Netherland's artists limned portraits in oils on copper. Germany's and Austria's great artists painted miniatures. Italy was less given to little portraits despite her early illumined manuscripts. Giotto popularized them and Tintoretto painted famous ones. So did Spain's Velazquez and El Greco.
France's Petitot added flesh tones and perfected enamel portraiture for Louis XIV. And Isabey, favorite of Marie Antoinette, limned the ladies of her court, Empire and Restoration. Fragonard and Boucher did miniatures. So did Jean Augustin and others. France painted her beloved miniatures right through the Revolution.
American miniatures probably began with John Watson's pencil and India ink. C. W. Peal, Henry Bembridge, J. S. Copley, Henry Pelham, Joseph Dunkerley, John Ramage, Benjamin Trott, and Charles Fraser all limned. E. G. Malbone, and Robert Field were famous miniaturists. Alban Clark, R. M. Staegg, Henry Williams and Sarah Goodridge are well known. Dickinson, Wood, Inman and Cummings did 19th century little portraits or miniatures.
Early miniatures were limned on vellurn, paper or cardboard including old playing cards-with tempera paints, which were colors bound with egg plus weak vinegar to neutralize the egg's sulphur so it would not spot the colors. Later, artists bound their paints with gum arabic in water. Some used honey mixed with spirits to keep the paints from brittleness and chipping. Glycerine, still later, was used. Sugar was thought to "help lighten" the shadows.
Early backgrounds were gold, then ground up lapiz lazuli for the famous ultra marine. Pale grounds, decorative backgrounds, and landscapes came in. Ivory, anciently painted on, came again to favor in the late 17th century. Being semi-transparent, it was usually gummed to paper or cardboard. Natural ivory was preferred to bleached as bleaching sometimes affected the colors. Graining was avoided in the face space to insure a fine skin texture.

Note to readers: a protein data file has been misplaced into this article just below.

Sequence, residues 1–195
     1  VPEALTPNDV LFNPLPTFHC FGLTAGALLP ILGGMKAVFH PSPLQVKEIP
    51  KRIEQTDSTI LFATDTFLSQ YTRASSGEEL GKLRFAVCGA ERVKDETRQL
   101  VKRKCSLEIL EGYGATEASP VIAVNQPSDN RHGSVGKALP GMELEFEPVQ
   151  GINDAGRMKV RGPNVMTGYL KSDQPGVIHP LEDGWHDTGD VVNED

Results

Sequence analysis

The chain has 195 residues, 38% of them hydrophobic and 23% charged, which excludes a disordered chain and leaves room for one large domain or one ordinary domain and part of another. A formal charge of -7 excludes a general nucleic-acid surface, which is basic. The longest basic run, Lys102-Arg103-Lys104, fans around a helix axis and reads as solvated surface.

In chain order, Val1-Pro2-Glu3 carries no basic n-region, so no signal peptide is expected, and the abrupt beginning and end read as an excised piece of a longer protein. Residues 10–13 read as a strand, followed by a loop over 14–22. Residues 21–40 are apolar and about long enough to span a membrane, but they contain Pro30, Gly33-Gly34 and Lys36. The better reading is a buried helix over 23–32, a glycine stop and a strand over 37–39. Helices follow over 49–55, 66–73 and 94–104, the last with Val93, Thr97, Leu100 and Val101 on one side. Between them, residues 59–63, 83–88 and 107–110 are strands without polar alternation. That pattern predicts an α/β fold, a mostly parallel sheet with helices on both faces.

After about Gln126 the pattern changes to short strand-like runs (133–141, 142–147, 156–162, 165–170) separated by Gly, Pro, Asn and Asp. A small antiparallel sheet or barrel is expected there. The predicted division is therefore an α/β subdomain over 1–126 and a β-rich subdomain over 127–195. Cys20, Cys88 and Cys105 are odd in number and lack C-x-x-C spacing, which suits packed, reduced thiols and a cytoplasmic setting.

Ivory had to be pumiced to remove saw scratches and give "tooth" to hold the paints. The sketch was never made directly on the ivory as it left an unremovable smudge. It was made on paper, dusted on the back side with Venetian red which was then laid to the ivory and traced on by a stylus. The brush could follow this red tracing.
Skin colors in transparent water paints were put on first. Drapery and background took opaque paints. Stippling touched out the bare spots and "lightened" the miniature.
Enameled Miniatures and the Photograph Miniatures
For enameled miniatures the copper, silver or gold plate was given a coat of white enamel, then the portrait was painted a bit at a time. The first colors put on were those that could stand the most heat. Those that could stand least were put on last. Each firing was a risk as a joggle when the paints were soft would destroy the portrait, or a few seconds too long in the furnace might ruin the colors.
Petitot used the finest sea sand, made his own alkali from potash and soda, and ground his own colors. He laid his paints on gold or silver in the order of their heat capacity. He was known to fire a single portrait eight times.
Enamel miniatures are impervious to the enemies of little paintings. Their colors stay true and bright. Only shattering the enamel harms the portrait. Porcelain miniatures, still painted, are similarly permanent.
Ivory may warp or crack in sudden temperature changes, or too much heat or dryness. Direct sunlight fades paint colors. Dampness causes mildew which discolors vellum, card or paper. Smoke, dust and perspiration dull paint colors, but trying to wash them has washed many a miniature right out of existence.
Invention of photography gave "little paintings" a set back, but the art has survived. The modern phase since the first World War, is the copying of photographs by miniature painters on plastic or ivory, thus recovering the living colors of childhood, youth, and the beloved gone. Today miniatures, once limited to kings and rich men, are much collected for subject, kind or material, source, age, technique or artist.